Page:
The long-stalled Peloponnese Region Waste Management Project has hit another snag.
For starters, European Commission says the project, as it stands, has no chance of getting EU funding because it is too expensive. Greek government officials are also divided, some blaming faults in the submission for funding and others blaming the Commission itself. And Terna Energy, which, as the preferred bidder, is the private party in this public-private partnership (PPP), concurs that the submission for funding was faulty but argues that a resubmission can solve the problems and the project can start by the end of October. Terna Energy also refutes some Finance Ministry officials’ position that the project can be partly completed.
The waste management project involves the construction and operation of an integrated waste management network for the entire Peloponnese region, able to accept 200,000 tons of municipal solid waste per year, including the waste management plants, two waste transfer stations and three landfills. It is considered a priority in an area where much of the waste ends up in illegal dumps.
The European Commission’s Directorate-General for Regional and Urban Policy sent a letter in June saying that the submission for funding must be revised.
A high-ranking Commission member who spoke to Kathimerini on condition of anonymity said that, as it stands, the project has no chance of receiving funding. “This project is very expensive compared to similar ones in the EU and provides very low levels of recycling. Moreover, it is not aligned with the EU’s new goals on recycling.”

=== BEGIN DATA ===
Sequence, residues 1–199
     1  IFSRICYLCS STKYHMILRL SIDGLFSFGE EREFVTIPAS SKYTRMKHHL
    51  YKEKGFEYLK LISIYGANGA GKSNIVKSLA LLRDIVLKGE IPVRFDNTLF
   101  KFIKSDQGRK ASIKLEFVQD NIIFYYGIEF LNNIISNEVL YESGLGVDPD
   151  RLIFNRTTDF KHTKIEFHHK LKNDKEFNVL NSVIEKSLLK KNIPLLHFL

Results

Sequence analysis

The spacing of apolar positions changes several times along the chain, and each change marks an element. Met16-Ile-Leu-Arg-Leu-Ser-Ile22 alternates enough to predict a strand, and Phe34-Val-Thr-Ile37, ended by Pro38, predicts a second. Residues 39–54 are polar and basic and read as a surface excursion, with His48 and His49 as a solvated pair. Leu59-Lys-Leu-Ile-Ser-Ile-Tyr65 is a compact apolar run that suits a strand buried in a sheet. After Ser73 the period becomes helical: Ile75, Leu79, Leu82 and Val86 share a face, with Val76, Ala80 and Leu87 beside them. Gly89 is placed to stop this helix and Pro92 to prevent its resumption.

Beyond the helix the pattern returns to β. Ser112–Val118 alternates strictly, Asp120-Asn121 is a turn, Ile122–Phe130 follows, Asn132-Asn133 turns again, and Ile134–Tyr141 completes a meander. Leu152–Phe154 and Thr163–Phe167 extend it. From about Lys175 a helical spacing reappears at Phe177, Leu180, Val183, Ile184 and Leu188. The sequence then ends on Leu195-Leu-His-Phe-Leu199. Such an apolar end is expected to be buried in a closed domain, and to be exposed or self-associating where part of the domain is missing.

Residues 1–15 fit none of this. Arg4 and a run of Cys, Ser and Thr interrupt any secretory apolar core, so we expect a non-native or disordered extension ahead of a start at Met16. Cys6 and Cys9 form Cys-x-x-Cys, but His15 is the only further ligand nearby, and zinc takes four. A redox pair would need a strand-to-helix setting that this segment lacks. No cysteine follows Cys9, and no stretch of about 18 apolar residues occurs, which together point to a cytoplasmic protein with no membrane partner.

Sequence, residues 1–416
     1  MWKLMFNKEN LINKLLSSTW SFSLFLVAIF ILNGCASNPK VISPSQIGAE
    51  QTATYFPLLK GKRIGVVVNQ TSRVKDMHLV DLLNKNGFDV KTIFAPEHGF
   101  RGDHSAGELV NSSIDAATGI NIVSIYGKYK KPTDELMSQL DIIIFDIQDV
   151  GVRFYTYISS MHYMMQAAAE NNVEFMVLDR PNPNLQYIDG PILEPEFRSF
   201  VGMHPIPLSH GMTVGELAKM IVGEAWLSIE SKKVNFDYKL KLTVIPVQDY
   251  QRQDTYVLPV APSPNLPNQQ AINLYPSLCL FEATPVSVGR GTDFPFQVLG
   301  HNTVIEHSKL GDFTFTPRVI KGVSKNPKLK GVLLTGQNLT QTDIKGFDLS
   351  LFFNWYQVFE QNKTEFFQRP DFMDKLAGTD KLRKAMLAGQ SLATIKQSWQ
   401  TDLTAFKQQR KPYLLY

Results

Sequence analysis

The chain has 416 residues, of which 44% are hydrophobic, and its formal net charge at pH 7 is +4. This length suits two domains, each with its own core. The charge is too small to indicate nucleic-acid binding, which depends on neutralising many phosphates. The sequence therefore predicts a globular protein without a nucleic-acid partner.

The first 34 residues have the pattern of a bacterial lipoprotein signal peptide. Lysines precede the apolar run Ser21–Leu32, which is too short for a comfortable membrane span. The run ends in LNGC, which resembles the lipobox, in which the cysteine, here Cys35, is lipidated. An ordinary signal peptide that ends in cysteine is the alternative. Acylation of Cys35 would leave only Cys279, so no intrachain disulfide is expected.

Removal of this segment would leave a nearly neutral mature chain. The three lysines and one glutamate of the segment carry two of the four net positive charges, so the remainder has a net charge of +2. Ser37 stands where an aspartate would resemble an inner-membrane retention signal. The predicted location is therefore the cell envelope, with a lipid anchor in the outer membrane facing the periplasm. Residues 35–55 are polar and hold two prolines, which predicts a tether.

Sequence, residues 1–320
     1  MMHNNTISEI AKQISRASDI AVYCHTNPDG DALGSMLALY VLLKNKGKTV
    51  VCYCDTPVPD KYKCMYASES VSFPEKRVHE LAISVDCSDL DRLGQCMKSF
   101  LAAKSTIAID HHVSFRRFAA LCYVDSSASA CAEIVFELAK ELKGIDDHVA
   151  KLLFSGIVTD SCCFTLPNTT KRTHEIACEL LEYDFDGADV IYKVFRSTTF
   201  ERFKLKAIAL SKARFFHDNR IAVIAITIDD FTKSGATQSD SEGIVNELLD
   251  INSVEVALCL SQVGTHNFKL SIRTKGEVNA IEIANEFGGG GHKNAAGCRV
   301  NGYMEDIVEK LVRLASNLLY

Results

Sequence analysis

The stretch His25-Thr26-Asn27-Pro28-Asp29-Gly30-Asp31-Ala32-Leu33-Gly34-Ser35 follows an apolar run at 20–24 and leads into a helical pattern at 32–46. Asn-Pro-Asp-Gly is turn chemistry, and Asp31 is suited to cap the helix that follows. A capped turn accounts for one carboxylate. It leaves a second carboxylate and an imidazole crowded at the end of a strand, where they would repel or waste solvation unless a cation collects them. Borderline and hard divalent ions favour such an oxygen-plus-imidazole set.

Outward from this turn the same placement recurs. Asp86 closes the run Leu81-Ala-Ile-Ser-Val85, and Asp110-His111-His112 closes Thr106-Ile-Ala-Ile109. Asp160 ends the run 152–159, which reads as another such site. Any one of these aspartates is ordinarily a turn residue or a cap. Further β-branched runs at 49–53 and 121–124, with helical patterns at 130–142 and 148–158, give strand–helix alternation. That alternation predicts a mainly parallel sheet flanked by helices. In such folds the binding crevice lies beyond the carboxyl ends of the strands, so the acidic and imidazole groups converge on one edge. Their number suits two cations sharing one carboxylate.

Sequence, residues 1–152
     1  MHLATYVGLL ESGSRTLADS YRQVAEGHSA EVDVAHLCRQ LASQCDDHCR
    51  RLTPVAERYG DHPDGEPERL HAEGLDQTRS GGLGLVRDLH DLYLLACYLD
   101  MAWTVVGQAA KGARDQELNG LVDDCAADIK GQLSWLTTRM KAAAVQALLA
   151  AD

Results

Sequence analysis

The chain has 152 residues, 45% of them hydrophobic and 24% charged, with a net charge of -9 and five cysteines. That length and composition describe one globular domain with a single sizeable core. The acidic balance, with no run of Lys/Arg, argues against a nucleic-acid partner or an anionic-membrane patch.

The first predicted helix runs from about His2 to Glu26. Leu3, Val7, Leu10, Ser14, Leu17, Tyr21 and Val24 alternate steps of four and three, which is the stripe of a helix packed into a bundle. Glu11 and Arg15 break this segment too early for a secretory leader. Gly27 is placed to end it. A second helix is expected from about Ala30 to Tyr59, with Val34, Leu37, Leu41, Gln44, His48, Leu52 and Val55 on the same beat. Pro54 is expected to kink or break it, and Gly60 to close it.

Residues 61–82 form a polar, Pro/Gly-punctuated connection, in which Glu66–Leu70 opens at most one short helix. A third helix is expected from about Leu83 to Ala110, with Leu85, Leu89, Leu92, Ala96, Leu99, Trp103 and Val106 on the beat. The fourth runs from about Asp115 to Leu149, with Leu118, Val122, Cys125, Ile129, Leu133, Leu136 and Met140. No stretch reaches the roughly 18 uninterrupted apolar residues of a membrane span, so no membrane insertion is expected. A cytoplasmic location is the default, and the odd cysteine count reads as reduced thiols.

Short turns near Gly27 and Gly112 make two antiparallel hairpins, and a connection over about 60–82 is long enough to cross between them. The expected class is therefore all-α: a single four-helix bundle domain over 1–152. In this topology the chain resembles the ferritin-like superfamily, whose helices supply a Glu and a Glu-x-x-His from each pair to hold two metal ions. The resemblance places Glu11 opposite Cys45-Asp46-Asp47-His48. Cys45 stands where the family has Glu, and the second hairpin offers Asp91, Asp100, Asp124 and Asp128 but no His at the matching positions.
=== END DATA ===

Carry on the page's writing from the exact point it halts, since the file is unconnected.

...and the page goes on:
At the Finance Ministry, some blame the departments that submitted the financing proposal of inexperience. Others blame the Commission and its Directorate-General for Economic and Financial Affairs for not bringing the Regional Policy and Urban Affairs and Environment Directorates-General into the discussion until very recently.
Ten days ago, it was decided that the file would have to be resubmitted in its entirety. “It was a bad submission that doesn’t do justice to the project,” says Manolis Grafakos, general secretary for waste management at the Environment Ministry.